Life in the Trenches

Extract from the


1st - 5th JUL 1917


1st to 5th July 1917

During these four days the attitude of the enemy was fairly quiet, CURTAIN TRENCH was subject to Artillery Fire and in enfilade from VIS-EN-ARTOIS and was occasionally a very unhealthy spot especially at its junction with Sunken Road in O.31 c. (see map No1 attached). On the evening of July 1st the enemy shelled this area very heavily but it was noticeable that each day his artillery activity lessened. Snipers and Machine Guns did not cause us much annoyance.

OBSERVATION An O.P. with a double loophole was established at the junction of Lark Lane and Stork Trench, and from there a good view could be obtained of the enemys’ back areas immediately behind FONTAINE and CHERISY for a long way back to the DURY to HENDECOURT ROAD. A fine view could also be had from HORSE SHOE SAP.

WORK The main feature of this tour in the front line was the amount of work done on existing and new trenches.



A. Digging

1. The new trench which we dug from CABLE TRENCH to WREN LANE was deepened and widened. 2 posts of B Company held this trench. The trench was called NORTHUMBERLAND AVENUE in our honour.

2. SWIFT TRENCH was cleaned out and generally improved, especially the South and marked ‘K’ on Map No1

3. HORSE SHOE SAP cleaned out and fire-bays cut.

4. CURTAIN TRENCH deepened and widened between CABLE TRENCH and LARK LANE. A party of 20 men reported daily to R.E. for this work in addition to the work we did on this trench ourselves. Another party for 10 reported to R.E. each night for the same work.
5. ‘D’ Coy carried rations up for ‘A’ &‘C’ Coys each night.
6. 2/Lt G.E CHARLEWOOD with a few men carried out a daylight and night patrol to investigate HORSE SHOE SAP. They found it in a very bad condition - much old ammunition and boots and general signs of fighting
There were also several dead Germans still lying there in a very bad state of decomposition. The daylight patrol had to be carried out by crawling forward from WREN LANE, as this part was very exposed to enemy’s view.

7. SALVAGE A considerable amount of Salvage material was collected and sent down to the Transport Lines.

8. WIRING About six hundred yards of concertina barbed wire was put out in front of our Sector. There was no wire worth speaking of when we went up to the front line - by the end of 4 days we had wired the whole front from the HENINEL-CHERISY Road to HORSE SHOE SAP and HORSE SHOE SAP was wired all round. The two front companies - A and B provided covering parties for wiring. C Coy did the wiring. The Pioneer Platoon and all available men of C and D Coys carried up wire and iron pickets from dump near ROOKERY.

ORGANIZATION Of the 108 men left behind, a pioneer platoon of 50 men under an officer was formed to do special work. The remainder of the 108 men was left at Transport Lines, where training was carried out. Only twenty officers were taken into action.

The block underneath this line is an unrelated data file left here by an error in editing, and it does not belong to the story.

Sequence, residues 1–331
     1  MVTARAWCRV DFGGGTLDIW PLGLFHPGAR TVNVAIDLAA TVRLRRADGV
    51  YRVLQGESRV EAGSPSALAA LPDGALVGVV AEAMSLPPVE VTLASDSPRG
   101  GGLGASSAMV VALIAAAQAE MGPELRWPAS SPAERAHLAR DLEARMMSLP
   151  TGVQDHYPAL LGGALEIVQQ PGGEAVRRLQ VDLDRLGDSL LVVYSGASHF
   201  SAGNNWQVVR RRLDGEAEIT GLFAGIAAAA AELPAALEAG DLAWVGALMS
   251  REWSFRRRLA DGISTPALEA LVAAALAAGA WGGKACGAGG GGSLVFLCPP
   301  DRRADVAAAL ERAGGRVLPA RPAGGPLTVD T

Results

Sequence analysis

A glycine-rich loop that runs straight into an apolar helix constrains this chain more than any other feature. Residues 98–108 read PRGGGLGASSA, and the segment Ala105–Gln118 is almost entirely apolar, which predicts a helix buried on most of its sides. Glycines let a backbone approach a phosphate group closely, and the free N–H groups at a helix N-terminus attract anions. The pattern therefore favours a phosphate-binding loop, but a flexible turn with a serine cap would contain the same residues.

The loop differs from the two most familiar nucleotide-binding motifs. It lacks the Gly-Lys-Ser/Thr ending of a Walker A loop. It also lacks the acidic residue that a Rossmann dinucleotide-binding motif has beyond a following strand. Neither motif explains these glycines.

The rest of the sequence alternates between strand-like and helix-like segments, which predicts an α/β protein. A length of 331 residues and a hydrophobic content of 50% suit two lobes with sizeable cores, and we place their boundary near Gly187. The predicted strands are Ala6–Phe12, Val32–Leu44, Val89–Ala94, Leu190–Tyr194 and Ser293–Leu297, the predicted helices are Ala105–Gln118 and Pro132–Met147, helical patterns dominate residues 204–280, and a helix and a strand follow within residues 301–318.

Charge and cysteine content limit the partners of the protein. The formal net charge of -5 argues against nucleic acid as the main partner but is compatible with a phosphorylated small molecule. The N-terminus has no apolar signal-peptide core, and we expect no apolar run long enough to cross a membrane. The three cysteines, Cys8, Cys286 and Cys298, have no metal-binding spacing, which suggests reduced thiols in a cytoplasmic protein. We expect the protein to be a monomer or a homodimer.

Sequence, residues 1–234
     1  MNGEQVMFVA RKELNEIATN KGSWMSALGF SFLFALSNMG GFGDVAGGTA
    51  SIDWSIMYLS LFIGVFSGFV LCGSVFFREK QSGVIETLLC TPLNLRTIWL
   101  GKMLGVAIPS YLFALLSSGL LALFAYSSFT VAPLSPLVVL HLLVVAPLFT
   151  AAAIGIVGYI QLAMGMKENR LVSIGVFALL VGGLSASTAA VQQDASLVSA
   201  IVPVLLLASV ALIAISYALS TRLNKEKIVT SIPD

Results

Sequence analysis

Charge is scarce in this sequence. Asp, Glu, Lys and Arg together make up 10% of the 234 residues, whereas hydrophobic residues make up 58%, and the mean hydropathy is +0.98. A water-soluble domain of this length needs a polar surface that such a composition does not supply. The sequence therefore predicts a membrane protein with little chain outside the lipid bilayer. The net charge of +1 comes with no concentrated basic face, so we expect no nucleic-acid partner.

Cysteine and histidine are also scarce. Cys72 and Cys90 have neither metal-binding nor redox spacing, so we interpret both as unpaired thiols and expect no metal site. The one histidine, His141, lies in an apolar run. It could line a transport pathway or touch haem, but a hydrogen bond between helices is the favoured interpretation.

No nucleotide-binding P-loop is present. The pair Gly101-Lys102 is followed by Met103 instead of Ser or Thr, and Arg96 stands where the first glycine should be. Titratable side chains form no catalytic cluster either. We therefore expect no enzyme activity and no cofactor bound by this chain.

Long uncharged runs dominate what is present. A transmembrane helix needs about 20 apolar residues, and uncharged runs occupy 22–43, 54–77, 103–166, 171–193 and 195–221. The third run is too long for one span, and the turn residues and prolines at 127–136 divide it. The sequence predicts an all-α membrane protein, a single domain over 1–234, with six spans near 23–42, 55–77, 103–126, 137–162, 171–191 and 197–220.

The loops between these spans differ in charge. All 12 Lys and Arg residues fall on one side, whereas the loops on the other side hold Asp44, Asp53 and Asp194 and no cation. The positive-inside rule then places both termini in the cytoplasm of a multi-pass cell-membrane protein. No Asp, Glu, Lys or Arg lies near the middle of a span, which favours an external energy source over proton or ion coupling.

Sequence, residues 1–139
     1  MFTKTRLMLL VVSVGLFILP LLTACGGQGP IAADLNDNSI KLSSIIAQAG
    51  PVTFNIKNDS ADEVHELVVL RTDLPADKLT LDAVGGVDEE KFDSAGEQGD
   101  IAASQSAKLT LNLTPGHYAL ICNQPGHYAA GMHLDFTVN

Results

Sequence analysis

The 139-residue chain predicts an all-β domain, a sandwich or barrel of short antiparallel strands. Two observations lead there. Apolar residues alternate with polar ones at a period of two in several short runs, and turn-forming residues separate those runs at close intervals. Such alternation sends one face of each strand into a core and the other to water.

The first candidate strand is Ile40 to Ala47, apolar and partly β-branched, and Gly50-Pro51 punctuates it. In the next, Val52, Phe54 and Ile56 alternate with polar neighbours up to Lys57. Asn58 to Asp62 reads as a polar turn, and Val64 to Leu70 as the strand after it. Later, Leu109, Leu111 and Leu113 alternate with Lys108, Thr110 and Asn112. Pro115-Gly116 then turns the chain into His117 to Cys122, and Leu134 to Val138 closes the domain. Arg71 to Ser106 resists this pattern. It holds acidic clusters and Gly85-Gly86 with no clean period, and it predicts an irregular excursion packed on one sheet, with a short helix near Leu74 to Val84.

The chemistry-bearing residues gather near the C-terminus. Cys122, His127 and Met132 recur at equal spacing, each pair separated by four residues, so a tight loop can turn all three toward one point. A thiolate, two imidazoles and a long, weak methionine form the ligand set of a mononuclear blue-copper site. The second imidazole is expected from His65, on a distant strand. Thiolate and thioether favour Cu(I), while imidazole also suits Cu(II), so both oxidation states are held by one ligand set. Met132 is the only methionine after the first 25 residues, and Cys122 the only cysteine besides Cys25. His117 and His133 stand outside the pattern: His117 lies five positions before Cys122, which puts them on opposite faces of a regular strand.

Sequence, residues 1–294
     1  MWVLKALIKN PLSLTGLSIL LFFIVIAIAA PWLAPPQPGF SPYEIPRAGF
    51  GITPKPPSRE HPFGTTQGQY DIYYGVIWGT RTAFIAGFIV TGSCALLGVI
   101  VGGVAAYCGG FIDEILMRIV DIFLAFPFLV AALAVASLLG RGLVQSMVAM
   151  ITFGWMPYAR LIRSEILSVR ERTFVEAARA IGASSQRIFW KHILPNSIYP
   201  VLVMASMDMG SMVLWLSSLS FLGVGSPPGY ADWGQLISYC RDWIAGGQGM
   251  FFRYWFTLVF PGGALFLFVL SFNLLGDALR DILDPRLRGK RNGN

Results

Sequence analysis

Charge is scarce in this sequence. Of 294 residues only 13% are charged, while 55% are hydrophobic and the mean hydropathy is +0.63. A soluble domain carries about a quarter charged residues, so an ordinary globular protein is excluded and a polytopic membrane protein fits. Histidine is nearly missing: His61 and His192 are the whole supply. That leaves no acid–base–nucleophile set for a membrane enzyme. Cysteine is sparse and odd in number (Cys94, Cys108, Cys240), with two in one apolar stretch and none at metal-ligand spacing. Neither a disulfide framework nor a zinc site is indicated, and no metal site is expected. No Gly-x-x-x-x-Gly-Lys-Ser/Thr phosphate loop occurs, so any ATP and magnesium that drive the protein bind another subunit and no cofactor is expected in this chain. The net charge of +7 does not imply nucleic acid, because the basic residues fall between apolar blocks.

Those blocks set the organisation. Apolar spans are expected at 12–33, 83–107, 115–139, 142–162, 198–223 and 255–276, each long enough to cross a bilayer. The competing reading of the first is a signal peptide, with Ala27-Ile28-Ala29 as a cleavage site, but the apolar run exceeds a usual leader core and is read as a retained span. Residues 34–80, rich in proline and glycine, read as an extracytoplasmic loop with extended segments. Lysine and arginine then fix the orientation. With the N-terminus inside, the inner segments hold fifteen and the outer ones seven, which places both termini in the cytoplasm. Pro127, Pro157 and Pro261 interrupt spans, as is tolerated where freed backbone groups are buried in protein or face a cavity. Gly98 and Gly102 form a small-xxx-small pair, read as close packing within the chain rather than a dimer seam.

3rd July 3 O.R. wounded
4th July 3 O.R. wounded
5th July 1 O.R. wounded
TOTAL for tour (including time in support) O.R. 2 killed, 9 wounded.

GAS On night 4th/5th July one of our gas cylinders was burst and the gas escaped and was blown in the direction of the enemy lines. The cylinder was on our front line parapet. No one was affected by this incident except a wiring party which was out in front. They were slightly gassed, but apparently the detonator of the cylinder had not been exploded, for they received no ill effects afterwards.

RELIEF The Battalion was relieved by 5th Northd. Fus. on the early morning of the 5th July and on relief proceeded to our old camp at HENIN, thus becoming Brigade Reserve.

Reproduction of Map No1


4th Bn War Diary dated 1-5 JUL 1917

Extract from

'Into Battle - A Soldiers Diary of the Great War'

'We continued all July, working on the trenches, deepening them and putting in shelters for the men. There were comparatively few casualties, as nearly all the work was done at night.

The shelters were cut into the back of the trenches, covered with curved steel corrugated sheets and sandbags. Not a really permanent job, but they were very quick to do, and did not require too many stores, except the steel sectors, which were awkward to carry.

By the end of the month, we had almost every man in the trenches under cover. All north of the Cojeul were anyhow. South of the river we had not quite finished, as there was so much other work to do.
Bosche trench mortars became very troublesome late in July, especially on the sector south of the Cojeul, where they kept firing almost continuously all night, along Buffalo, Ape, Jackdaw and Bison. These fishtail bombs exploded with a very loud detonation, and some of them contained gas, but there did not seem to be much iron in them.
The complement of all the work in the trenches, as already noted, was that we had to carry up all the stores, such as sandbags, iron pickets, wire netting, expanded metal, trench boards and, most difficult of all, curved corrugated steel sheets to roof dugouts'. (Glubb, J. p.175).

Note: John Glubb was a regular Royal Engineer (RE) officer in the 50th Division.

Life in the trenches - Locations

Ape - Trench occupied by British.

Bison - Trench occupied by British.

Buffalo - Trench occupied by British.

Cable Trench - (map No1)

Cherisy - (map No1)

Cojeul - River running east -west through the northern part of the sector

Curtain Trench - (map No1)

Dury -

Fontaine - (map No1)

Hendecourt Road -

Horse Shoe Sap -

Jackdaw - Trench occupied by British (map No1).

Lark Lane - (map No1)

Northumberland Avenue -

Rookery -

Stork Trench - (map No1)

Sunken Road -

Swift Trench - (map No1)

Vis en Artois -

Wren Lane -

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